I am a motherchucker

This month I had the mother of all wardrobe clean-outs. It was a
mother-chucker. Not that it’s unusual for me to cull my clothes. I’m
quite addicted to re-organising my wardrobe and I do it often. For me,
it’s like a form of fashion meditation. Superficial? Admittedly, yes.
But it works.  There is chanting (“I must stop buying bootleg jeans I
must stop buying bootleg jeans”), nirvana (“I forgot I owned this
Morrissey tux! Wheeeee!”) and inner peace (“ahhhhh, more hanging

In my life, many different things can prompt a wardrobe edit. Change of
temperature. Change of fashion. Change of job. Change of house. Change
of body shape. But the time I’m most likely to take a style broom to my
closet is when I’m messy in the head. Stressed. Anxious. Grumpy.
Somehow the process of stocktaking my clothes and sorting them into
piles (keep/wash/dry-clean /sell/give away/store/was I on drugs when I
bought this?) brings me mental clarity. Hey, my life might be in
turmoil but at least my white t-shirts are all folded into a pile and
separated from my printed ones, OK?

So why was this particular purge so much more effective and cathartic
than previous chucks?  Because I made a significant mental
breakthrough. Somehow I finally managed to clear the mental hurdle
called:  I-Can’t-Possibly-Get-Rid-Of-This-Because-It-Is-A-Posh-Label.
There are two parts to this misguided philosophy. The first goes  “it
must have been expensive so I must keep it”.  The second goes “designer
label means good quality so I must keep it.” Foolishly, these two ideas
tend to triumph over common sense and the power of sight. That’s why
even though something may not suit me or fit me or flatter me, that
little posh label will win out and score said item a reprieve every
time. Until now.

In the midst of my chuck-fest, I cast a familiar eye over a black DKNY ¾ length jacket. Every time I edit my wardrobe, I look at this jacket and think, “Goodness, this is lovely. Great cut. I must wear it, really I must. Won’t it be utterly perfect one day when I’m more corporate? Perfect.” So back it goes into the closet where it lives, undisturbed until the next clean-out when I begin the process again, goldfish style.
This time was different. This time, when I looked fondly at the DKNY jacket, a sensible part of my brain piped up. “Um, excuse me?” it said. “Do you remember when you bought this thing? It was 1998. Yes. Nine years ago. And how often have you worn it in nine years? Maybe once. Twice tops. And the corporate thing? You’ve been working in a highly corporate environment for the past six months and not once has it occurred to you to put it on. Let’s be honest, it ain’t working, never has. To paraphrase Gretel Kileen…….Jacket? It’s time to go.”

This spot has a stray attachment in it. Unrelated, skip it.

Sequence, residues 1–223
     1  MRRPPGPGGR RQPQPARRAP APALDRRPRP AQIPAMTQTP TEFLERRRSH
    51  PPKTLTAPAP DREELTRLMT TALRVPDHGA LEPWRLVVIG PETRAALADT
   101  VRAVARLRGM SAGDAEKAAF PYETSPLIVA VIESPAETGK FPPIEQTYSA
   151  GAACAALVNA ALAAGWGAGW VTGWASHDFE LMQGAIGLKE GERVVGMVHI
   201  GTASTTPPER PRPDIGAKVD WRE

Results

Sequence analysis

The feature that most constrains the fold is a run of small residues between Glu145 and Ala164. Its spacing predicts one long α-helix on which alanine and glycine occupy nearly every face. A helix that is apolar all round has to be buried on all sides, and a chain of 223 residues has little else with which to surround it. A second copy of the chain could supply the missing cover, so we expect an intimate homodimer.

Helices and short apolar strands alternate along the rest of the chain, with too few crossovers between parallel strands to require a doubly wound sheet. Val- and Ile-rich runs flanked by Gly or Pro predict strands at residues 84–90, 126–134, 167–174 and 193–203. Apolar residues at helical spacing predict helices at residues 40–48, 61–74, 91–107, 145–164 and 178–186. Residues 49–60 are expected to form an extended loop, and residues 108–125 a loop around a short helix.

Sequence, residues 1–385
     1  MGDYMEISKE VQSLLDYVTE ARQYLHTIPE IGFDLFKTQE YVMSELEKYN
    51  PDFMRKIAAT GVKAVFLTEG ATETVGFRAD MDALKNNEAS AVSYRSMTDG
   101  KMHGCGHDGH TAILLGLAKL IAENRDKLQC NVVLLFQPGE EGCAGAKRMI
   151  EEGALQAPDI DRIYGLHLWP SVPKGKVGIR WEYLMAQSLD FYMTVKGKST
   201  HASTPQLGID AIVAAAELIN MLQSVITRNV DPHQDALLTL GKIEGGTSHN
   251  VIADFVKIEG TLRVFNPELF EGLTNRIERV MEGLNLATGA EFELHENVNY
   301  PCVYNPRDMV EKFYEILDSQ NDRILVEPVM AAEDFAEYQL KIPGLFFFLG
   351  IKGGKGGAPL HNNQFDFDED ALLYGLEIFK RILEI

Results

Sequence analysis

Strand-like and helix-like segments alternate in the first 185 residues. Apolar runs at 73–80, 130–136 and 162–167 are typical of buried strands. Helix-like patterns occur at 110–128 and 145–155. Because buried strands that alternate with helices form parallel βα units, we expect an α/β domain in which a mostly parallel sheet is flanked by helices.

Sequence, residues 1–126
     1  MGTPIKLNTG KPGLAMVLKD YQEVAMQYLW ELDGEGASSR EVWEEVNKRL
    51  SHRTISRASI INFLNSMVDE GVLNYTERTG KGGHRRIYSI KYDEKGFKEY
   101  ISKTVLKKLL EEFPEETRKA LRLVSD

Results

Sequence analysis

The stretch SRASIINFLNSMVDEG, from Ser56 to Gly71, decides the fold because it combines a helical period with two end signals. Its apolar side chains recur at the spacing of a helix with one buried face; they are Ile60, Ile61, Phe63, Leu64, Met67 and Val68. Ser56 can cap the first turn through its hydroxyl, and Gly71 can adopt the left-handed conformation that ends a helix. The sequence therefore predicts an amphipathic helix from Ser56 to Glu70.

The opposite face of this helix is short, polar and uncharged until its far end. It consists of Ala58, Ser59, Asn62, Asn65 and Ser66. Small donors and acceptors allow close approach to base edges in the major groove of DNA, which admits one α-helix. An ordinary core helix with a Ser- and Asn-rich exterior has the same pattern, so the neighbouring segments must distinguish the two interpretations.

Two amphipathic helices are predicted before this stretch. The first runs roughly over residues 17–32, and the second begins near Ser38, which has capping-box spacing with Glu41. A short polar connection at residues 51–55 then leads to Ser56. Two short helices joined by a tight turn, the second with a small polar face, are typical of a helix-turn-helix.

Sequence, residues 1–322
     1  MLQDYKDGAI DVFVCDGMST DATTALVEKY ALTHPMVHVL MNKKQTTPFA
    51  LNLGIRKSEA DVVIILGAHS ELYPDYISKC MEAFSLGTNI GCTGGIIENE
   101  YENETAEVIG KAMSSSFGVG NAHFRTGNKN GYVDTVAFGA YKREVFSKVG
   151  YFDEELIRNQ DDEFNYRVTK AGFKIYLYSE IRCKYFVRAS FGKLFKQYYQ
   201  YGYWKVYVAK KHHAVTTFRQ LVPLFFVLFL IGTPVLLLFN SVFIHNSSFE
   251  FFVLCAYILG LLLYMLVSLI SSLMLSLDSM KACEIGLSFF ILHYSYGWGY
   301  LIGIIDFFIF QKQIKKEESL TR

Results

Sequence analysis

And with that ka-ching realisation, it was off the hanger and onto the Sell pile faster than you can say “DKNY is not even a cool label anymore so it barely counts as designer anyway”. Buh-bye. Next?


Empowered by this revelation and the new little honest voice in my head, I turned to other clothes I keep in the spare cupboard. Clothes I haven’t worn for years but am convinced I might. Or should. One day. A day that never comes.

That beautiful peacock blue bias cut dress by Christa Davies? “Yes I know you love the colour but it clings to your stomach and without liposuction, it always will,” said the honest voice. It was right. And it wasn’t finished. “Look, your body has changed and will never be the same as it was ten years ago, or five years ago, or even two years ago. It’s bigger in some parts, smaller in others. Different. Two babies and breastfeeding has meant things which once perked, now don’t. And you’re older. Flesh you were happy to flash in your twenties needs to be covered now. Clingy is not sexy on you anymore. So while we’re at it, ditch the Collette Dinnigan black satin mid-calf dress, as beautiful as it is.”
But wouldn’t it look good if I was pregnant again?
“You’ve said that since 1998 and last year you were pregnant again and you didn’t wear it. Say bye-bye to the dress.”
And I did. Along with another Collette rose-print skirt that was so pretty but had XS on the waistband. Bye-bye XS. I won’t be seeing you again any time soon.
It’s not just my body that’s changed. Fashion has changed too. All those nineties tight-fitting bias-cut dresses and hip-clinging skirts look wrong and won’t be looking right in the near future. Not on me, anyway.

Emboldened to have been smacked in the head with the honesty stick, my roll continued. Tricky Scanlan and Theodore pleated dress? Gone. Black pin stripe Calvin Klein jacket I bought on sale in New York 10 years ago? Over. Brown Prada sack dress I bought on the same trip because I wanted to be Carolyn Bessette Kennedy and she’d worn something similar? Outta here. Vintage frocks that would look great in a magazine article about my wardrobe but actually look crap on me? See ya.

At the end of the afternoon, I had a very large pile to take to the Frock Exchange, a whole lot more space in my closet and a large fashion weight lifted from my shoulders. Just don’t tell anyone about the double-breasted Gucci jacket I managed to keep hidden at the back of my closet. Look, it’s Gucci, and it’ll be perfect one day when my life is…different. Won’t it?

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